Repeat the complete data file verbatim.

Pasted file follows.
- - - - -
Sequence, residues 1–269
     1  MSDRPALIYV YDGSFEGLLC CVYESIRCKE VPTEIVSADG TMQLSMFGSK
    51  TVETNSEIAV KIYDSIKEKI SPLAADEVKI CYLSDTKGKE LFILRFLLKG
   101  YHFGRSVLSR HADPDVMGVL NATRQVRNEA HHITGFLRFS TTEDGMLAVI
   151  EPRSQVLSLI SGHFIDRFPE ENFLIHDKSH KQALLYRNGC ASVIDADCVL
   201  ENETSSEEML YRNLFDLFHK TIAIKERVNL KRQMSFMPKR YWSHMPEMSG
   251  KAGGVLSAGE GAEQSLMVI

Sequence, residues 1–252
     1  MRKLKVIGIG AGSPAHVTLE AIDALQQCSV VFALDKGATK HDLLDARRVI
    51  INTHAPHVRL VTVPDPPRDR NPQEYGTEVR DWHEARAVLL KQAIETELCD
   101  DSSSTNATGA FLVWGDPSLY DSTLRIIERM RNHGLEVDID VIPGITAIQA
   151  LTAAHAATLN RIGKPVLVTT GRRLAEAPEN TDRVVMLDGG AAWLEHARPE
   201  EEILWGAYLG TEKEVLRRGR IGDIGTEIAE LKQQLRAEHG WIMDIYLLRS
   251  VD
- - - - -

Sequence, residues 1–269
     1  MSDRPALIYV YDGSFEGLLC CVYESIRCKE VPTEIVSADG TMQLSMFGSK
    51  TVETNSEIAV KIYDSIKEKI SPLAADEVKI CYLSDTKGKE LFILRFLLKG
   101  YHFGRSVLSR HADPDVMGVL NATRQVRNEA HHITGFLRFS TTEDGMLAVI
   151  EPRSQVLSLI SGHFIDRFPE ENFLIHDKSH KQALLYRNGC ASVIDADCVL
   201  ENETSSEEML YRNLFDLFHK TIAIKERVNL KRQMSFMPKR YWSHMPEMSG
   251  KAGGVLSAGE GAEQSLMVI

Sequence, residues 1–252
     1  MRKLKVIGIG AGSPAHVTLE AIDALQQCSV VFALDKGATK HDLLDARRVI
    51  INTHAPHVRL VTVPDPPRDR NPQEYGTEVR DWHEARAVLL KQAIETELCD
   101  DSSSTNATGA FLVWGDPSLY DSTLRIIERM RNHGLEVDID VIPGITAIQA
   151  LTAAHAATLN RIGKPVLVTT GRRLAEAPEN TDRVVMLDGG AAWLEHARPE
   201  EEILWGAYLG TEKEVLRRGR IGDIGTEIAE LKQQLRAEHG WIMDIYLLRS
   251  VD